After 6 hours of bipartisan discussions at the White House Summit on Healthcare Reform last week, little in the way of major concessions were made by either political party in the effort to reform the nation’s health care system, according to a press release from the National Association for the Advancement of Orthotics and Prosthetics (NAAOP). But the congressional path to an up or down vote on reform materialized in the wake of the 6-hour meeting last Thursday. Negotiations at this level have virtually nothing to do with the immediate agenda of orthotics and prosthetics, but the overall bill, if it is enacted, will most assuredly impact the O&P profession.
There are several provisions in the House and Senate health reform bills that impact the O&P field that NAAOP is closely monitoring. First is inclusion of orthotics and prosthetics in the basic benefit package that all private health plans must offer, as well as proposals to adjust Medicare fee schedules for O&P based on “productivity.” Both of these issues are in play as Congress continues to consider legislation.
But the big news of the week was the decision by President Barack Obama to endorse passage of a comprehensive insurance reform bill rather than a smaller, less controversial version of health reform. The main driver of this key decision was the realization that far more Americans need to be in the insurance pool if Congress is to completely re-write the rules of insurance to eliminate pre-existing conditions and annual and lifetime caps in benefits.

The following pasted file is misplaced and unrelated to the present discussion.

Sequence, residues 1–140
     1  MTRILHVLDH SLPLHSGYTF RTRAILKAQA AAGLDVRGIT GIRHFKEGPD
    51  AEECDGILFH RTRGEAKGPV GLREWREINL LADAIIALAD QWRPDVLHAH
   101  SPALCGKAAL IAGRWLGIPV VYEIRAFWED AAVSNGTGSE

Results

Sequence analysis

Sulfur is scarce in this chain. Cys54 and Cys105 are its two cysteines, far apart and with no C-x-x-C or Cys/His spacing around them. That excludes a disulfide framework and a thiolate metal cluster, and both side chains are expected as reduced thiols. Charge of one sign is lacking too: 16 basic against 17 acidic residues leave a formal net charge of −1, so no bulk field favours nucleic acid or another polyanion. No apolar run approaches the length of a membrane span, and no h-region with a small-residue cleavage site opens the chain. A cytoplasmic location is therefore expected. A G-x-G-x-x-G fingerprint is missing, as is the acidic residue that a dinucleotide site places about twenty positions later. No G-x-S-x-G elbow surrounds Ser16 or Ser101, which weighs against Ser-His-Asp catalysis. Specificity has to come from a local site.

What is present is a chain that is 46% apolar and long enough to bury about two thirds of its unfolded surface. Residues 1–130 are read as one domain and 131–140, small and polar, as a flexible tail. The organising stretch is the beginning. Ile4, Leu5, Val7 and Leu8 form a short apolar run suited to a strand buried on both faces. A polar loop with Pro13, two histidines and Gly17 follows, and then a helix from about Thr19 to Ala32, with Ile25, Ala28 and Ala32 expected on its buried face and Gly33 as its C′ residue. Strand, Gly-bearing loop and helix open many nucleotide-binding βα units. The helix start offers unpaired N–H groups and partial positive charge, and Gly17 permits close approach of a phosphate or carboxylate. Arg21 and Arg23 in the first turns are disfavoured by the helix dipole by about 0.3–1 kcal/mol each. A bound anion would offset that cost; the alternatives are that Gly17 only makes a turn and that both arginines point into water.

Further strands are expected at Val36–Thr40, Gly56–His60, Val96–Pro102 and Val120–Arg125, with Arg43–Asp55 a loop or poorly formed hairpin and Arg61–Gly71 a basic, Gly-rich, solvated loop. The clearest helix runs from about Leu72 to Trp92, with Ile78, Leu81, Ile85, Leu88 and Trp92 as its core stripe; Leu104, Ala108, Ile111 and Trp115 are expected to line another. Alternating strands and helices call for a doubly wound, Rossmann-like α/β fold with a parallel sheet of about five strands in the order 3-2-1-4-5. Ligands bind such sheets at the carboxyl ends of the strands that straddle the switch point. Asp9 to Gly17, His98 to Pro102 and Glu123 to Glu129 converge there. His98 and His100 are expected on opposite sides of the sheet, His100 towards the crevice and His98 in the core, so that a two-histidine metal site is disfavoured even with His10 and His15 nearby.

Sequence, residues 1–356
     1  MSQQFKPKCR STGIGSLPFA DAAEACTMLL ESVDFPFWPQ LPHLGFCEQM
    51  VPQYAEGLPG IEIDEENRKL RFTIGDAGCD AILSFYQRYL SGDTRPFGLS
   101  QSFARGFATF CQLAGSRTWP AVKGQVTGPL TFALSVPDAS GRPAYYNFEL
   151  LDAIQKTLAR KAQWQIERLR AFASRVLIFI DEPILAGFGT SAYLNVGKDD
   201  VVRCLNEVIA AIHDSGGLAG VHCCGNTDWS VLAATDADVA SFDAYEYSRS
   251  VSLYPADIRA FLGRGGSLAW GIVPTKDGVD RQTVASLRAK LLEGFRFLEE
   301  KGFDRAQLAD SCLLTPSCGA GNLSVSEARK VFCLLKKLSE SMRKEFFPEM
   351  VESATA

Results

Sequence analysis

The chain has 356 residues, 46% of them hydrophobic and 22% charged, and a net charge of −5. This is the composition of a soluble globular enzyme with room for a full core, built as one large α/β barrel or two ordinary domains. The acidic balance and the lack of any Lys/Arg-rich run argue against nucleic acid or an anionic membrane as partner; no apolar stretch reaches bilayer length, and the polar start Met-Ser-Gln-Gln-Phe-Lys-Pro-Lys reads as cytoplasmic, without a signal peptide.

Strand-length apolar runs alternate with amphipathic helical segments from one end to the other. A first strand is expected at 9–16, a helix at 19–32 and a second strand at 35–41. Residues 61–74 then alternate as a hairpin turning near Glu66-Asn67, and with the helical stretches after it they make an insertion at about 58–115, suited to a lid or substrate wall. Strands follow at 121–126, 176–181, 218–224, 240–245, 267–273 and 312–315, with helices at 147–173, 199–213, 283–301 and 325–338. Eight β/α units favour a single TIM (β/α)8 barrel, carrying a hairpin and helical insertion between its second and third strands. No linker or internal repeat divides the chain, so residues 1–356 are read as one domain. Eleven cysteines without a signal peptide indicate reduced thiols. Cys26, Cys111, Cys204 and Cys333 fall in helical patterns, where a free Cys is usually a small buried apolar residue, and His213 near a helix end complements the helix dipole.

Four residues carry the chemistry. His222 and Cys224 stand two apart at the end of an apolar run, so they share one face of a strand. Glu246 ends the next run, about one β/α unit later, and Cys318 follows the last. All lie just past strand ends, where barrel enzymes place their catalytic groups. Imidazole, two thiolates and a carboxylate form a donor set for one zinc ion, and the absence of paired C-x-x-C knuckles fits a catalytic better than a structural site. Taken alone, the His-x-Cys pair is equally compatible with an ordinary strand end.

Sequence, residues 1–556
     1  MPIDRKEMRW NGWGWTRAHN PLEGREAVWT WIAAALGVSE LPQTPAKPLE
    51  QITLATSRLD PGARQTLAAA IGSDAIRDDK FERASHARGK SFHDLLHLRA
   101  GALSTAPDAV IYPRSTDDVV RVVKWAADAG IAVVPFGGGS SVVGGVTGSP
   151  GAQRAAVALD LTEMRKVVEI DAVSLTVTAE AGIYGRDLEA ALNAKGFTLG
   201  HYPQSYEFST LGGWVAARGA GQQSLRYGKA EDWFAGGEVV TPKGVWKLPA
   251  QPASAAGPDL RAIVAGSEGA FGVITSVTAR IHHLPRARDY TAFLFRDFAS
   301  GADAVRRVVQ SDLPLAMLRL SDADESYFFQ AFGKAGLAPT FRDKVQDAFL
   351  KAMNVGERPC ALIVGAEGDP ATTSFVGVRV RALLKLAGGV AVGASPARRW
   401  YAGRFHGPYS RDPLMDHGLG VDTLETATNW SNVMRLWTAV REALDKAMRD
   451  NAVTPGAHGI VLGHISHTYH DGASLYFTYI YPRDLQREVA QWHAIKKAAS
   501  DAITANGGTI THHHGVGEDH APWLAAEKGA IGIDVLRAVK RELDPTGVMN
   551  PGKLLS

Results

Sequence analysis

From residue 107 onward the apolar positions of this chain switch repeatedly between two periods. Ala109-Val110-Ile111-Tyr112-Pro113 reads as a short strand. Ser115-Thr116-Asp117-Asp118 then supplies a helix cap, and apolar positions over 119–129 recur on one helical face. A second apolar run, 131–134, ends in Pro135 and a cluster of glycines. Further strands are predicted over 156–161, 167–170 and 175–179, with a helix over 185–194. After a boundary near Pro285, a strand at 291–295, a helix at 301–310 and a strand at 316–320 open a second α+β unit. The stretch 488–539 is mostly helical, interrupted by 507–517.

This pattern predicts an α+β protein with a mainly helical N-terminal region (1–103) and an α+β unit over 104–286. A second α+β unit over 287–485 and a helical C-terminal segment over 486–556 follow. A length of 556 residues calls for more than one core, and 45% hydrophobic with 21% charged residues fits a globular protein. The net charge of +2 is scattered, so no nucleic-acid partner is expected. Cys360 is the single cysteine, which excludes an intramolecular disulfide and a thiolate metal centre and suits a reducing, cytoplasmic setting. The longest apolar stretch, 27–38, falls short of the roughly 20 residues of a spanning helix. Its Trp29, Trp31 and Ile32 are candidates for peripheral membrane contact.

This one decision means that Obama is “all in” on health reform and the ultimate outcome of this debate and congressional vote will largely define his presidency. He clearly intends to attempt to garner the votes of at least a few Republicans in the process, but whether he can achieve this is highly suspect. The chances of attracting Republican support decrease with the likelihood that Congress will attempt to enact changes to the Senate-passed reform bill through a process known as “reconciliation” which only requires 51 votes in the Senate, rather than a filibuster-proof majority of 60 votes.
So the irony of the bipartisan health reform summit is that it galvanized the approach of Congressional leaders to use a partisan process to enact health reform legislation that only Democrats favor. And despite appearing to settle on a specific strategy and timeline for the reform votes (by the Easter Congressional recess), it is not at all clear whether the House or Senate has enough support to ultimately pass health reform legislation in its current form.
As more details emerge, NAAOP will continue to relay developments, especially as those developments impact the field of orthotics and prosthetics, they said.